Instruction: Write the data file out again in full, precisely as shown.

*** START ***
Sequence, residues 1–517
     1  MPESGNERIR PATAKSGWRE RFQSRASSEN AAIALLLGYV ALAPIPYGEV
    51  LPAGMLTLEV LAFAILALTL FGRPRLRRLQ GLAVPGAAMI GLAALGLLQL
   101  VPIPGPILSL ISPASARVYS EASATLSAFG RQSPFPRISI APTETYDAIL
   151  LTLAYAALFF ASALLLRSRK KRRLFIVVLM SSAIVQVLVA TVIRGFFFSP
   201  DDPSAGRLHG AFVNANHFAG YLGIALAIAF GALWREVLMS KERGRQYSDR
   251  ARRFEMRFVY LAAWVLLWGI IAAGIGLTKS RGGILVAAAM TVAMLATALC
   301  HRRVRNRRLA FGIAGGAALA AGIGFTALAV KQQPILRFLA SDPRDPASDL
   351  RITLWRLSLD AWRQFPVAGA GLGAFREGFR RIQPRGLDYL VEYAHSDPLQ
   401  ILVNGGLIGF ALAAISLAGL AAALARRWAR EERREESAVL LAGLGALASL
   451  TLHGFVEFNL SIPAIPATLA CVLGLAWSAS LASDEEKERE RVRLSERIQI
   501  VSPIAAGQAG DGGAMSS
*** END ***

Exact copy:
Sequence, residues 1–517
     1  MPESGNERIR PATAKSGWRE RFQSRASSEN AAIALLLGYV ALAPIPYGEV
    51  LPAGMLTLEV LAFAILALTL FGRPRLRRLQ GLAVPGAAMI GLAALGLLQL
   101  VPIPGPILSL ISPASARVYS EASATLSAFG RQSPFPRISI APTETYDAIL
   151  LTLAYAALFF ASALLLRSRK KRRLFIVVLM SSAIVQVLVA TVIRGFFFSP
   201  DDPSAGRLHG AFVNANHFAG YLGIALAIAF GALWREVLMS KERGRQYSDR
   251  ARRFEMRFVY LAAWVLLWGI IAAGIGLTKS RGGILVAAAM TVAMLATALC
   301  HRRVRNRRLA FGIAGGAALA AGIGFTALAV KQQPILRFLA SDPRDPASDL
   351  RITLWRLSLD AWRQFPVAGA GLGAFREGFR RIQPRGLDYL VEYAHSDPLQ
   401  ILVNGGLIGF ALAAISLAGL AAALARRWAR EERREESAVL LAGLGALASL
   451  TLHGFVEFNL SIPAIPATLA CVLGLAWSAS LASDEEKERE RVRLSERIQI
   501  VSPIAAGQAG DGGAMSS